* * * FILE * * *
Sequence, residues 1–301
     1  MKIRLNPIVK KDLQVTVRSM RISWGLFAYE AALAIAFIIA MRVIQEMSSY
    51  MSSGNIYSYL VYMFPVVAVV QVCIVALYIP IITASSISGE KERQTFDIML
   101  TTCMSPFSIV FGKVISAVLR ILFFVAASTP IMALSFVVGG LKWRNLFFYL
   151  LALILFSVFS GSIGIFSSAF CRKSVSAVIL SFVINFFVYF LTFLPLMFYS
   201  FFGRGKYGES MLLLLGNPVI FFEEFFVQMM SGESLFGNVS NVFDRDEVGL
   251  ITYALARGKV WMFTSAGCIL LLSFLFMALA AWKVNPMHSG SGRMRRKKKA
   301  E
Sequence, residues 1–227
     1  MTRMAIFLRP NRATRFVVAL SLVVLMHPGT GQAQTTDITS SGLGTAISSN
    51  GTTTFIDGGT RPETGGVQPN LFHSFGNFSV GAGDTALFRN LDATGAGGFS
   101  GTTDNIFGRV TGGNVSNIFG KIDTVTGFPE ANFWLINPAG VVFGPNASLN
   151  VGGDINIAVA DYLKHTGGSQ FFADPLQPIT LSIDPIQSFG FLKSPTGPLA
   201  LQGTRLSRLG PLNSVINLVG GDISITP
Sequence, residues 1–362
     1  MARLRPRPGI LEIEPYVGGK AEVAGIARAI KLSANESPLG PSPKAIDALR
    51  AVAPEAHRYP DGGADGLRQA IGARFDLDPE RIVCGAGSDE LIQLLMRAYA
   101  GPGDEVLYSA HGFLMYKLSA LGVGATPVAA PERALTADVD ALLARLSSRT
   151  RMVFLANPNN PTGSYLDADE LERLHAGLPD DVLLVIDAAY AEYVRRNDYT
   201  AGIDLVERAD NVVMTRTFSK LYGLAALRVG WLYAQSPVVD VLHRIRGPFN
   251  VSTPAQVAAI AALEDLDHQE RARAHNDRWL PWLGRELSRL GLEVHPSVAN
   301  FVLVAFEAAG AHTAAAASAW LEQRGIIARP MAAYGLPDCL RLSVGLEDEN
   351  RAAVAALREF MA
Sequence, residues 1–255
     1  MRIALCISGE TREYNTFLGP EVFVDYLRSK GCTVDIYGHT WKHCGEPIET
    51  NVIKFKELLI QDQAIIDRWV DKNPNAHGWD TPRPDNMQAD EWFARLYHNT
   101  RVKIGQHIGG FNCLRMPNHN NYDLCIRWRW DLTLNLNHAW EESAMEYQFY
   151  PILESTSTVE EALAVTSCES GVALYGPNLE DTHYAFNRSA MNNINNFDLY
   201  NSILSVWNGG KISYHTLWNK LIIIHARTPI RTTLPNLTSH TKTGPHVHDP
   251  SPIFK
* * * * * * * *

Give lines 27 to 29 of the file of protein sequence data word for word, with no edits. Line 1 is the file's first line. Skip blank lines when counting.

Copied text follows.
   101  RVKIGQHIGG FNCLRMPNHN NYDLCIRWRW DLTLNLNHAW EESAMEYQFY
   151  PILESTSTVE EALAVTSCES GVALYGPNLE DTHYAFNRSA MNNINNFDLY
   201  NSILSVWNGG KISYHTLWNK LIIIHARTPI RTTLPNLTSH TKTGPHVHDP